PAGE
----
Sudbury-based Symboticware Inc. wowed visitors to its booth with a demonstration of Holocube technology, which offers a 3D holographic representation of a mine, real-time location of equipment and personnel, along with equipment performance, production, seismic and even biometric data such as heart rate and body temperature.

Users can zoom in to any part of the mine and view a representation of a truck or loader with overlaid diagnostic data, said Symboticware president Kirk Petroski.

The technology is up and running at Dundee Precious Metals’ (DPM) state-of-the-art Chelopech Mine in Bulgaria and in the NORCAT Underground Centre in Sudbury.

Symboticware, which is best known for its Symbot, a device that captures and transmits performance data from mobile equipment to enhance safety and productivity, has been awarded exclusive world-wide distribution rights for the holographic visualization technology by DPM spinoff, Terrative Digital Solutions.

Northern Survey Supply, a Mattawa-based company with offices in Sudbury and Toronto, took its Miner Operated Survey System (MOSS) to the global stage at MINExpo.

“MOSS is a new way of surveying that takes people away from the face, is safer and speeds up the mining cycle,” said Bruno Lafrance, senior account manager. “This is the Olympics of mining shows. Everyone we need to talk to is here, so I’m working hard to find them and introduce them to MOSS.

“We’re seeing a lot of companies putting this in their budget for next year. We just came back from Argentina and we’re working on big-scale projects across the board.”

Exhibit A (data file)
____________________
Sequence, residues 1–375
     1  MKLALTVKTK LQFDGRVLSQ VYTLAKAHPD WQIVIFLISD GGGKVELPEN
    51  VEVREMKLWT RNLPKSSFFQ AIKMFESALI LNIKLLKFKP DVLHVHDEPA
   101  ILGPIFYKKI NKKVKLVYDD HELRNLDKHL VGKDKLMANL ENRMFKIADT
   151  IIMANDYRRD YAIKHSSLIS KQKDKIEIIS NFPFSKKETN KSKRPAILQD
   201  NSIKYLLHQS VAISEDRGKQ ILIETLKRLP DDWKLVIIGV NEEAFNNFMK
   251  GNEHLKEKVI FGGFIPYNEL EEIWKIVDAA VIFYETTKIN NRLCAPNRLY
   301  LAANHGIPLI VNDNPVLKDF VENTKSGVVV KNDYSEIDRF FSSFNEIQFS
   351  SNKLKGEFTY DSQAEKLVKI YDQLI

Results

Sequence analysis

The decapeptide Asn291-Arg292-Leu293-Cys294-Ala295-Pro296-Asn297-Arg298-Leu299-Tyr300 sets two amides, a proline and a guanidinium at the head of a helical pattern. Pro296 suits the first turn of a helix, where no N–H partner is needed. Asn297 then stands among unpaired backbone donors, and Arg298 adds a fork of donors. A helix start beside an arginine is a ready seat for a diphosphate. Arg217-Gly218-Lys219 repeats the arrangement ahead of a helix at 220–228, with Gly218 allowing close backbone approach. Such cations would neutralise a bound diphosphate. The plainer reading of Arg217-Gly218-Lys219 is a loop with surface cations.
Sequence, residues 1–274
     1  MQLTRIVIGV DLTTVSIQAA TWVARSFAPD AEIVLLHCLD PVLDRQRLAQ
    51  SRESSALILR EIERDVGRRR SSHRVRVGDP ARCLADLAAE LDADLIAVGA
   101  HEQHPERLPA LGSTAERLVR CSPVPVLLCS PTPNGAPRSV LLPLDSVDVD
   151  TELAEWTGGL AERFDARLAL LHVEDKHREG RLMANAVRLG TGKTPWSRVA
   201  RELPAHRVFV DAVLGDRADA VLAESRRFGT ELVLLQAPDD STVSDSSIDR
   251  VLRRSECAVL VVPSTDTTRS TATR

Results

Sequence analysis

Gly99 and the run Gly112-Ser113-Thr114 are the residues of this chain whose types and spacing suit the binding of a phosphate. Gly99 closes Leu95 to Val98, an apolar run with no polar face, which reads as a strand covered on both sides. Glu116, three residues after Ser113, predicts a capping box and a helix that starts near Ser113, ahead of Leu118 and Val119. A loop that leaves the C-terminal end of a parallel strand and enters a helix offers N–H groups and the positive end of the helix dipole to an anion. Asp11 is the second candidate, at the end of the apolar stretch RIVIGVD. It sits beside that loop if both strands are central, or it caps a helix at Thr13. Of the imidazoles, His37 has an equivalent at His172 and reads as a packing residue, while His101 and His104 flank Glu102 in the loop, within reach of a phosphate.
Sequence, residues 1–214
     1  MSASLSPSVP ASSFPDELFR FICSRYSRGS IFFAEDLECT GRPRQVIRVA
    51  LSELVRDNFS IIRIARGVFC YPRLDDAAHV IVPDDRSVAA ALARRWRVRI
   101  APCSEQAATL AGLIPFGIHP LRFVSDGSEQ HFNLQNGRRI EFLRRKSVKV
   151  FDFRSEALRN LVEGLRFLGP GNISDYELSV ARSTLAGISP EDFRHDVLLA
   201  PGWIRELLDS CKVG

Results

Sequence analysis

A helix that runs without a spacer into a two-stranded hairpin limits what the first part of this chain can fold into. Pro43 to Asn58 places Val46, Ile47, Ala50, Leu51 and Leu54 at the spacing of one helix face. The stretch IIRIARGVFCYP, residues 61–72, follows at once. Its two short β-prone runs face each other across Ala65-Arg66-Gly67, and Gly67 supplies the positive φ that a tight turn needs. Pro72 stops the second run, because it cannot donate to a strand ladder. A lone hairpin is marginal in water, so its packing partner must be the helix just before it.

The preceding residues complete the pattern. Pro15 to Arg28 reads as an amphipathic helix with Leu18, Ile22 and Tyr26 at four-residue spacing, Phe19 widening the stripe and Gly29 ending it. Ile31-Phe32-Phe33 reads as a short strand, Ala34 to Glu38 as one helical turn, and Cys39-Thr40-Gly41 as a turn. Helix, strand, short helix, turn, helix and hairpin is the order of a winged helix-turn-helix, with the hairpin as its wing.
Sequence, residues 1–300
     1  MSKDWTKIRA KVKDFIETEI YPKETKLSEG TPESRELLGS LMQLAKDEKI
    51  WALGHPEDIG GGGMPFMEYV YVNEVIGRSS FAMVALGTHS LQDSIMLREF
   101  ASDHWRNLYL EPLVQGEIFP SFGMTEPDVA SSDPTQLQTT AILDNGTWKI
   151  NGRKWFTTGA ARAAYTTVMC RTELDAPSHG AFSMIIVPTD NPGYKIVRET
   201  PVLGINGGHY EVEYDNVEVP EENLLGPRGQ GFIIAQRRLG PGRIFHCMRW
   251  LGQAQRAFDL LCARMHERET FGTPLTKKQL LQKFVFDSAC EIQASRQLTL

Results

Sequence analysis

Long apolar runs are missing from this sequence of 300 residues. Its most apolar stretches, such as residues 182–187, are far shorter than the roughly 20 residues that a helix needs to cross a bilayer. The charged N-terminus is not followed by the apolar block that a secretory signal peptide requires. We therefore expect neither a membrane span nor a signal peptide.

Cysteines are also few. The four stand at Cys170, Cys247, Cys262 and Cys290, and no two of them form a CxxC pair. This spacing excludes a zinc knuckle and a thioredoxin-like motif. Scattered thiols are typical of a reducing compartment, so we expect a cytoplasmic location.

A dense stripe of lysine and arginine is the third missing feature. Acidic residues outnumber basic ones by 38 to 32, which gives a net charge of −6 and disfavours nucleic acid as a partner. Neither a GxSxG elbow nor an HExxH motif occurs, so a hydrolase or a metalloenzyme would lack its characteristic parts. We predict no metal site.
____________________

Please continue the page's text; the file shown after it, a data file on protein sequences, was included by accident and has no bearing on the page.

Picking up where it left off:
An earlier version of MOSS has been in use by Falconbridge and its successor, Xstrata, for many years in the Sudbury Basin, but a new, more powerful and user-friendly version developed by Northern Survey Supply was introduced earlier this year.

Scoring a brief interview with Timmins-based Conveyors Plus Ltd. proved especially challenging due to the constant traffic at the company’s booth in the Northern Ontario pavilion.

A scale model of a conveyor belt propelled by a cordless drill drew a constant stream of visitors intrigued by the company’s simple solution for belt alignment.

The Sure Align Tracker senses the position of the belt and steers it back to the centre position,” said President Dave Sharp. “Alignment is a big problem with conveyor belts. When the belt tracks off to the side, it can cause a lot of damage and downtime. Our Sure Align system is simple, user-friendly, easy to install and it works.

“There are probably 10 other companies that do belt alignment work. I take their stuff out and put mine in,” said Sharp.

Tracks and Wheels Equipment Brokers, a Sudbury manufacturer of underground utility vehicles, promoted its Commander Series personnel carrier and its Torquematic Gen lll all-in-one utility vehicle that can be equipped with a wide variety of attachments, including buckets, pallet forks, man baskets and scissor lifts.

Other companies in the Northern Ontario pavilion included the The Bucket Shop, Hurley Ventilation Technologies, a full-service fan and mine air heater manufacturer, Norpro Security and Investigations, a Sault Ste. Marie company offering a full range of security and health and safety services, and Timmins-based Porcupine Canvas, a manufacturer of tents, bags, tool holders and other products for the exploration and mining industries.

Also exhibiting their products and services were Carriere Industrial Supply, a Sudbury-based bucket manufacturer, Maestro Mine Ventilation, a manufacturer of air quality measuring solutions, Pneuma Tool, a manufacturer of rock drill lubricants, and Total Equipment Services, a manufacturer of new and refurbished mobile equipment, mine control centres, jumbo panels and fan and pump starters.

Several Ontario-based mobile equipment manufacturers went to the expense of bringing product to the show, including RDH Mining Equipment, Rock Tech, Industrial Fabrication, MacLean Engineering, Joy Global, the Walden Group and Miller Technology.

Other Northern Ontario companies taking the stage were Railveyor Technologies, K4 Integration, Mobile Parts, Jannatec, Schauenberg Industries, TesMan Inc., McDowell Equipment, the Redpath Group, Mine Source Inc., Nordmin Engineering, Rocvent and Wabi Iron and Steel.

Click here to view a slideshow from the MINExpo 2016.